Saturday, September 13, 2003

Interesting Gunfight Story

I ran across an old copy of Wild West (June 2000). In it was an account of a gunfight between Frank Loving and Levi Richardson in Dodge City in 1879. Neither man is famous in any way, but the fight does show what stress can do during a lethal confrontation.

The showdown did not take place outside in the street like the movies. It happened inside the Long Branch Saloon (which was not nearly as glamorous as Miss Kitty's Long Branch on Gunsmoke).

Both men initially missed. Loving took shelter behind a stove but was nicked in the hand by Richardson's second shot. He then hit Richardson twice (side and right arm). Despite his wounds Richardson chased Loving around the stove and then a billiard table but missed with all three shots. Loving then put a bullet in his chest with one of his last two shots. The wound was fatal, but not instantly incapacitating. After a deputy sheriff took his revolver from his hand, Richardson broke away and attempted to chase Loving but fell dead before he could get to him.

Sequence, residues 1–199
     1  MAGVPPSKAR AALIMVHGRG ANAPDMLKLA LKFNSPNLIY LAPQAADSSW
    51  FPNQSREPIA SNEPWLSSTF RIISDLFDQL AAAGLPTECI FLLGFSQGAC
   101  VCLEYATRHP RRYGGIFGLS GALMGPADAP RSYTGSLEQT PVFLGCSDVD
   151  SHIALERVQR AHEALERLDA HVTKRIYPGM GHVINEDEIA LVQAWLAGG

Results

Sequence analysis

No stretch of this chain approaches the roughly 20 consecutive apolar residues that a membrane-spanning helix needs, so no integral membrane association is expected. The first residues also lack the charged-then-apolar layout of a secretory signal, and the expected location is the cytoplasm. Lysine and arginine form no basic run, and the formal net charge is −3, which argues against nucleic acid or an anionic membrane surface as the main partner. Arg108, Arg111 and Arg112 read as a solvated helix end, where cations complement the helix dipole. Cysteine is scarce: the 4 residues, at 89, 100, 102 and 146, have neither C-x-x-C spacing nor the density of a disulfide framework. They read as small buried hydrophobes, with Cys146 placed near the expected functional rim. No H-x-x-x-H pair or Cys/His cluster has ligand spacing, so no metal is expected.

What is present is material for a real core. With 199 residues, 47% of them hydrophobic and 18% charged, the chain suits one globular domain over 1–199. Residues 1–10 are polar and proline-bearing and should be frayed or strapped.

The local paper noted "it seems strange that Loving was not hit, except a slight scratch on the hand, as the two men were so close together that their pistols almost touched each other." (Richardson's coat caught fire from the muzzle blast of Loving's revolver-- that's pretty close).

James at Hell in a Handbasket has often emphasized the need for frequent and extensive practice with handguns if we plan to use them for self-defense. I think this incident shows why he is right. Eight shots at slapping distance and only three hits. Stress, movement, and muzzle blast will degrade most peoples abilities with a handgun. We have to start out with skill and well-honed habits if we are to be effective.